Intrigue, seduction, world music – Tango No. 9 returns to Pacifica
In 1988, over whiskey and cigarettes, it came to classically-trained violinist Catharine Clune that she should start a tango band. Her husband ordered some music by Astor Piazzolla and Clune weighed in on different facts. She was born on September 9, her husband and she once lived in apartment number 9, and then there was the Beatles’s tune from the “White Album” — “Number 9.” And thus came to be the tango band, Tango No. 9.
Featuring music director Catharine Clune on violin, Joshua Raoul Brody on piano, Greg Stephens on trombone and Zoltan DiBartolo on vocals, Tango No. 9 plays Saturday night at Pacifica Performances Mildred Owen Concert Hall. This is not the band’s first gig in Pacifica, nor will their highly anticipated event be the last, as their sound is, in all its music virtuosity, a glorious rhythmic embrace which leaves all sense of mediocrity abandoned at the door.
At this Saturday night concert, titled “Tango from the Heart,” Tango No. 9 will be joined by dancers Count Glover and Mila Salazar. Considered one of the best dancers of Argentine tango in San Francisco, Count Glover is a professional dancer, teacher, and choreographer of Argentine tango with a tap and ballet background. Dancer Mia Salazar, who directs her own group, TangoFlor, has performed in the San Francisco Ethnic Dance Festival, The Latin Show, and was dance captain of the Libertango Dancers.
Songs on the evening’s set lists include — “Revolutionario” (Astor Piazzolla), “Ballada Para Un Loco” (Astor Piazzolla, arranged by Greg Stephens), “Oblivion” (Astor Piazzolla), “Por Una Cabeza” (a Tango No. 9 premiere of an “old guard” piece, arranged by Joshua Raoul Brody), and “Macheaths Call from the Grave & Epitaph” (Kurt Weill, arranged by Greg Stephens).
Singer Zoltan DiBartolo, who has an active career as an opera tenor, is the newest member of Tango No. 9. Prior to joining the band in 2009, the long-time vocalist spanned the genres with his song — classical, jazz, rock, Latin, cabaret and vaudeville. But once he heard Tango No. 9 in 2007, he admits to being “obsessed” with wanting to sing tango. He appealed to T9 and was brought on as a featured guest singer. Two years later, the guest became part of the band.
Basically, there are no dullards in Tango No. 9. Trombonist and composer Stephens can include, among others — Big Lou’s Dance Party, Circus Bella All-Stars, Ad Hoc Brass Band and The Green Street Mortuary Band on his performance and recording résumé. Pianist Brody, the recipient of several Cabaret Gold Awards, composes for films and is the accompanist for various improv theater groups which include Bay Area Theatersports, True Fiction and Awkward Dinner Party. Clune said that both Stephens and Brody do a ton of “heavy lifting” when it comes to transcribing or arranging parts.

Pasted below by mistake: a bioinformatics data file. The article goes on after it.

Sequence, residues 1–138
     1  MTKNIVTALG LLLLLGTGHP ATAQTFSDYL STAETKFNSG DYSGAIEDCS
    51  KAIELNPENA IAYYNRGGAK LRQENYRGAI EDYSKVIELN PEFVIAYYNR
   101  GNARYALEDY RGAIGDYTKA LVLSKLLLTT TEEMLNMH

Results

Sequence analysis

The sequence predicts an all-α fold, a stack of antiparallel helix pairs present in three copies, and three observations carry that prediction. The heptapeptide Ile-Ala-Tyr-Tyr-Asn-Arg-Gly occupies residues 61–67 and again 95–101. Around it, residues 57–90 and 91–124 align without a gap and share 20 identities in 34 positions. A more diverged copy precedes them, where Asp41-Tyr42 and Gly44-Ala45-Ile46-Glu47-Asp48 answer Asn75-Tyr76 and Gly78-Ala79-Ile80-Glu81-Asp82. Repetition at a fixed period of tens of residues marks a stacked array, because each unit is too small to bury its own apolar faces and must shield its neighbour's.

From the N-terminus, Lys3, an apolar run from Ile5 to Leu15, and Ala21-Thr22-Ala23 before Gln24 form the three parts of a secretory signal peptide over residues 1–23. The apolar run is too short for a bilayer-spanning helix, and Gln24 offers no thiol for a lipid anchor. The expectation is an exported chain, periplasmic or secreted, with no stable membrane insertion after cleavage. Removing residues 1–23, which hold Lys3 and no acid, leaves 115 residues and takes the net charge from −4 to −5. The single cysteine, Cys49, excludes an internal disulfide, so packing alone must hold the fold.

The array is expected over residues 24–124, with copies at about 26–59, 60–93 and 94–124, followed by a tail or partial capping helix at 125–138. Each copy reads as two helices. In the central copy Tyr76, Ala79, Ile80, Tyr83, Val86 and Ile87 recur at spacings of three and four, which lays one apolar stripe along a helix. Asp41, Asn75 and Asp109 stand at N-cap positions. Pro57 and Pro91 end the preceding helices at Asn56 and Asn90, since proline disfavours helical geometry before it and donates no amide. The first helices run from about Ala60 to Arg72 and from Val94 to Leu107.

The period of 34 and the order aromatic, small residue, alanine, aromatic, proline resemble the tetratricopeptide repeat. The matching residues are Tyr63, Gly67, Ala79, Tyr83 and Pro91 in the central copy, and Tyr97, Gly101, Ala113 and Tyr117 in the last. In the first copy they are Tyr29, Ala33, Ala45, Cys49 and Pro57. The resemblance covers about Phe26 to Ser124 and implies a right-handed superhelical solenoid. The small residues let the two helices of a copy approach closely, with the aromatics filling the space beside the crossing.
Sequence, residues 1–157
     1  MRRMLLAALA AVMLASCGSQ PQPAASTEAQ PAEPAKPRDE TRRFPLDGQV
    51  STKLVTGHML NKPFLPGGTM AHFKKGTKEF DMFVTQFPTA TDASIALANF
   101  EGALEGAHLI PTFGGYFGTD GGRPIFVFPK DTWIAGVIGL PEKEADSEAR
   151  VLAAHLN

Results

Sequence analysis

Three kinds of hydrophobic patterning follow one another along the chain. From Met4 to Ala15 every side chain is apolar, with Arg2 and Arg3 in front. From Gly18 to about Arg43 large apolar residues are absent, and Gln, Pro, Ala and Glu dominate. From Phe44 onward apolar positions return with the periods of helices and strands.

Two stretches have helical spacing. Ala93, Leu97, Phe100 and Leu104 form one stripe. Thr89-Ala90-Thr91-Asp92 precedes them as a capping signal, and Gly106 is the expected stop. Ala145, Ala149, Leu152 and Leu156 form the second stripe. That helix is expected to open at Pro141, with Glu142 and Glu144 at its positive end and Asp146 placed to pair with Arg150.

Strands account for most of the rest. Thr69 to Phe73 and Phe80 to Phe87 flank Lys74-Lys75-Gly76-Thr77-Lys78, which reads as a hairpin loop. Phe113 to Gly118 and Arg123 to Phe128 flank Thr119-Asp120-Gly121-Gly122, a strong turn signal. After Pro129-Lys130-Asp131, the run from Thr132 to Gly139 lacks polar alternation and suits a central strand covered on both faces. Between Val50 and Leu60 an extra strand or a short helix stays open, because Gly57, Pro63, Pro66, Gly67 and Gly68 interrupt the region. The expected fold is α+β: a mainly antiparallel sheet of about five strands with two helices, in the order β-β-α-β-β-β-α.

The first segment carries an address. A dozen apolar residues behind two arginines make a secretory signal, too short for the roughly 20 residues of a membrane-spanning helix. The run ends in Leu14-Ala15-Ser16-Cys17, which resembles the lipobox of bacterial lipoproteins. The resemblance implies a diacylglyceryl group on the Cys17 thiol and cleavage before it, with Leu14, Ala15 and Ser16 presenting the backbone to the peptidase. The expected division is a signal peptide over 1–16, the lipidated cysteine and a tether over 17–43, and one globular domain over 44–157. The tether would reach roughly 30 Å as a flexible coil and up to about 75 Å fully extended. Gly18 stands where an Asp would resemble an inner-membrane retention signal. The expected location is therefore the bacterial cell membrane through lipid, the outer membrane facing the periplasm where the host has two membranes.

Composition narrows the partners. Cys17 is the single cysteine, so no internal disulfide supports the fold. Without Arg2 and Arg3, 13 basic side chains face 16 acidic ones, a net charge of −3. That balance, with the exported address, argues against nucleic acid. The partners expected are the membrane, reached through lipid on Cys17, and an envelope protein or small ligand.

Clune, also a composer, is a ten plus-year veteran of San Francisco’s esteemed Club Foot Orchestra, known for their thrilling complex scores for classic silent movies. She is now one of the leaders of its off-shoot, the Nino Rota cover band Orchestra Nostalgico. Clune met Brody in CFO, during a gig where they played as the house band with German rocker Nina Hagen and actor Danny Kovacs (who played Third Reich psychic Hanussen), at the classic Bimbos 365 Club. She met Stephens back in the day when both participated in the New Composers Forum concerts.
While Clune received her degree in violin performance, she no longer plays classical, except for her children. “Tango is my life!” she laughed. “But I really love tango, jazz and popular music and the border where they all meet. My musical career has been perched on that edge since leaving college. That and a dollar fifty get you on the bus!”
Currently at work on their 5th album, slated for a fall release, Tango No. 5 will play heavily Saturday night from that recording. “We are currently working a modern piece by Horacio Salgán,” Clune said. “It’s not quite ready to premiere, but boy, I can hardly wait to bring it to the public — another tango that gets into your bones and makes the blood rise.”
“Tango No. 9 is an amazing collective arranger, bringing in subtle American traditions to the rich history of the tango,” Clune continued. “We also like to mix a traditional piece and push it more modern, or play an art song or add in a touch of Kurt Weill. And the places we have played! One of my favorites was playing as part of a music series which brought live music to the airport. I loved the romance of playing tango in the United Airlines terminal — people coming from all over the world, and going all over the world, buying our CDs and taking our music with them to their life, wherever that life exists.”